Terry Ratzmann, the man who police say killed seven people and then himself during a church service, was a member of the Living Church of God, a born-again denomination that focuses on “end-time” prophecies.
The church’s estimated 6,300 members in 40 countries place a strong emphasis on using world news to “prove” that these are end times, to be followed by Christ’s second coming.
This year, the group’s leader, Dr. Roderick C. Meredith, wrote that events prophesied in the Bible are “beginning to occur with increasing frequency.”
“We are not talking about decades in the future. We are talking about Bible prophesies that will intensify within the next five to 15 years of your life,” he wrote in the church’s magazine, Tomorrow’s World.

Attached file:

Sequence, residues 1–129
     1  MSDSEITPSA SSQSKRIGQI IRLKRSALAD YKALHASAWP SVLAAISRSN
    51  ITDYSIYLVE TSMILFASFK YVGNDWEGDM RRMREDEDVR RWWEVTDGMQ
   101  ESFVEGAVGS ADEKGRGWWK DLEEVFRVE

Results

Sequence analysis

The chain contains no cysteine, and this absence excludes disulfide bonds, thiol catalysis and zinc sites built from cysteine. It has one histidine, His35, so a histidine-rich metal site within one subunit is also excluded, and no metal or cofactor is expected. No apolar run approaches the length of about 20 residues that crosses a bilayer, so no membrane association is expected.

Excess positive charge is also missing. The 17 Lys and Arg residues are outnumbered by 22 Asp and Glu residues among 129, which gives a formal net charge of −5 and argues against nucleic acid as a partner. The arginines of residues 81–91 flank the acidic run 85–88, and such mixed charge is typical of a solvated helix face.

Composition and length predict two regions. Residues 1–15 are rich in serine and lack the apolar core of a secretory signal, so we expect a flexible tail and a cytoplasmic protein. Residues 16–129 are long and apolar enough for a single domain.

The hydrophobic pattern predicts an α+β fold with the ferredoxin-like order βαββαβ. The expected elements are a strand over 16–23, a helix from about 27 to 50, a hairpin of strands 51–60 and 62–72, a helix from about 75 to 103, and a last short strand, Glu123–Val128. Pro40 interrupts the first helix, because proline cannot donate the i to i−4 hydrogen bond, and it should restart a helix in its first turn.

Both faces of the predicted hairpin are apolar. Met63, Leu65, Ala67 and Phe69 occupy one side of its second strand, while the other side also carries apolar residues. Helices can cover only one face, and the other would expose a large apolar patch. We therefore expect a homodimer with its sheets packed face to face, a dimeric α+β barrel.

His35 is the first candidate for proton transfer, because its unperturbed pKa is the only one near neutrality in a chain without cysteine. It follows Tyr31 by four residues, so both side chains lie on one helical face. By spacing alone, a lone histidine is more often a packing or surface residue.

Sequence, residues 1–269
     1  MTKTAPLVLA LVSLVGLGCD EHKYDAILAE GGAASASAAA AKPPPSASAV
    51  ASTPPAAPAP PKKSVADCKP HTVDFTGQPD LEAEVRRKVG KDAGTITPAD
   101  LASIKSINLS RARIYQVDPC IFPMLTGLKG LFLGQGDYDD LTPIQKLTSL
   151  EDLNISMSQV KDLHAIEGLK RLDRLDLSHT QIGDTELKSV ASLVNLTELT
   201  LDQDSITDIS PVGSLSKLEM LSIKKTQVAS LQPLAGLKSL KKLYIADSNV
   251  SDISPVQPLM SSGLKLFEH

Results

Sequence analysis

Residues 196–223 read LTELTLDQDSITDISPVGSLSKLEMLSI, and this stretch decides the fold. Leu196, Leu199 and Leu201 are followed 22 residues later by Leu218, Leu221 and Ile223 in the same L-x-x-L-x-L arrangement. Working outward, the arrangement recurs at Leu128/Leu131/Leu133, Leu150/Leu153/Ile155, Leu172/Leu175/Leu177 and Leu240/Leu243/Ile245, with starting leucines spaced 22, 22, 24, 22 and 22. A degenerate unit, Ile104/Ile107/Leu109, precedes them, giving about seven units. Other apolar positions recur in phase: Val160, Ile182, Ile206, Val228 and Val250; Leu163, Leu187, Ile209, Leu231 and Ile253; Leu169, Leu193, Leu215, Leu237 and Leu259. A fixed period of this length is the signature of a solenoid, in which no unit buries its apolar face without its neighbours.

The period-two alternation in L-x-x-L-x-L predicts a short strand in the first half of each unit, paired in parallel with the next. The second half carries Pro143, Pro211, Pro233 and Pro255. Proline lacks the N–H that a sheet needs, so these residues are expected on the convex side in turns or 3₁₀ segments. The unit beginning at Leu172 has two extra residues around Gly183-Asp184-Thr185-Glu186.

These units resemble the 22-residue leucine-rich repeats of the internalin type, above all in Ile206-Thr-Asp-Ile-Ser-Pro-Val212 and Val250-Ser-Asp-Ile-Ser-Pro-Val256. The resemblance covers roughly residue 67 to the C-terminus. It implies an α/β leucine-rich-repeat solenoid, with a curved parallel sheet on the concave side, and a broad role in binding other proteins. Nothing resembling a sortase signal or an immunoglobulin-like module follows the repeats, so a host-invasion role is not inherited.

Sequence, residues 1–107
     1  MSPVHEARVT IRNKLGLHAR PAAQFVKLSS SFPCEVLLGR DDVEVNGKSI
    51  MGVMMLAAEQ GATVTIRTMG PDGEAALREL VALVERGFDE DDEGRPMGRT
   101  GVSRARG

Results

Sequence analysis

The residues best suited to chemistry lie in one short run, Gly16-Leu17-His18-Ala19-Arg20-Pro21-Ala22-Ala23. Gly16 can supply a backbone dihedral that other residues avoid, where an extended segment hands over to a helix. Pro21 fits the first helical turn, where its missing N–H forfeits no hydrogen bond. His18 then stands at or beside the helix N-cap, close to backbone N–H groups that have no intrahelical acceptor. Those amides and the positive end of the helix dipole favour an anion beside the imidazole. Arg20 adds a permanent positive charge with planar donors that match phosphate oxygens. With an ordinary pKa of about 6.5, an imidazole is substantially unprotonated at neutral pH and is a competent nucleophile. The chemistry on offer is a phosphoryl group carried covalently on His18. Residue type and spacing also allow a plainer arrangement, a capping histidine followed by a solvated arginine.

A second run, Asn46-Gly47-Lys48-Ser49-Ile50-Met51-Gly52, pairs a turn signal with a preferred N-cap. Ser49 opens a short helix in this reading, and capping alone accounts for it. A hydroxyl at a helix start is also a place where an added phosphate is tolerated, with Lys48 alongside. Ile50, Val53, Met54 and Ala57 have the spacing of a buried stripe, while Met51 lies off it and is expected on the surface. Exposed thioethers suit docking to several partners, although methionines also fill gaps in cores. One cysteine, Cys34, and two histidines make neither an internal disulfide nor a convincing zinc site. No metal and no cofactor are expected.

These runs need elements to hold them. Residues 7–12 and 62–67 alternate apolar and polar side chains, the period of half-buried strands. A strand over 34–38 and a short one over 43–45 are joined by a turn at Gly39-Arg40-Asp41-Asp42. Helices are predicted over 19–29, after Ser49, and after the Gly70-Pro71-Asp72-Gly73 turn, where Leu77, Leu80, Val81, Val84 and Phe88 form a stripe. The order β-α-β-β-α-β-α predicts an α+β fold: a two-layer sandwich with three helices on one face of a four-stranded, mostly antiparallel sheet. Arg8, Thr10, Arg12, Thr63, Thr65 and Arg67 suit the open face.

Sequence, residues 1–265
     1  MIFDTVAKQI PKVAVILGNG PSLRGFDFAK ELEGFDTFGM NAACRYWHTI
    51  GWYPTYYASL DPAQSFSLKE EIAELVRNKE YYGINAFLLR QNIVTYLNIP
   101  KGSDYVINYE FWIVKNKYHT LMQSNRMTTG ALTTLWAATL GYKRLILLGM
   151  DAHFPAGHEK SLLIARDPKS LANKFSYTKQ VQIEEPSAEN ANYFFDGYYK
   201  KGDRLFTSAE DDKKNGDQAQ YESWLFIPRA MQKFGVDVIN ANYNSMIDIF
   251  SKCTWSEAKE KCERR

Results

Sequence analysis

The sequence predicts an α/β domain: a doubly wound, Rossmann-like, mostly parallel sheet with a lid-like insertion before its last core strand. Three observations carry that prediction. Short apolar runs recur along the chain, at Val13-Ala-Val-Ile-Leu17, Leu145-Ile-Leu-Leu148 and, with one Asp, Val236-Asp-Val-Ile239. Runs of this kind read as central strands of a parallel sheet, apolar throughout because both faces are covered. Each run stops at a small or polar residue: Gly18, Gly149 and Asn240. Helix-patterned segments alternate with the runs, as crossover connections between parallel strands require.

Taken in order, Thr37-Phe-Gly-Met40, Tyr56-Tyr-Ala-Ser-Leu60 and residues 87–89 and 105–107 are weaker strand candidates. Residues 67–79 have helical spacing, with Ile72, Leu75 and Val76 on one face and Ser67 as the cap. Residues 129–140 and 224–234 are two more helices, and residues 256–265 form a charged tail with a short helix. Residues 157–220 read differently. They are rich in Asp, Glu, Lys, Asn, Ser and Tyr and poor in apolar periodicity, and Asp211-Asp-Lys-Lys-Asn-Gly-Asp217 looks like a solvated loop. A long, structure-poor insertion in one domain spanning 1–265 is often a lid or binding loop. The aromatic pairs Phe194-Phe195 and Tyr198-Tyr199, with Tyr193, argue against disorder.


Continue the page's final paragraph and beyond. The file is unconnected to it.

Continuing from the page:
He advised members to gather emergency food supplies and follow government instructions on how to prepare for an emergency. He also warned about a coming “financial emergency” and cited an article from the San Francisco Chronicle about the financial fallout as baby boomers retire.
The Charlotte, N.C.-based Living Church of God grew out of a schism in the Worldwide Church of God, formed in 1933 by radio minister Herbert W. Armstrong, who preached the British Israel hypothesis – that Anglo-Saxons are descendants of the 10 lost tribes of Israel.
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Taking a break?
The Worldwide Church of God changed their doctrine after Armstrong’s death, but more than half the membership withdrew and formed splinter groups. Living Church of God members view themselves as the spiritual heirs of the original Jerusalem Church of New Testament time, according to the group’s Web site.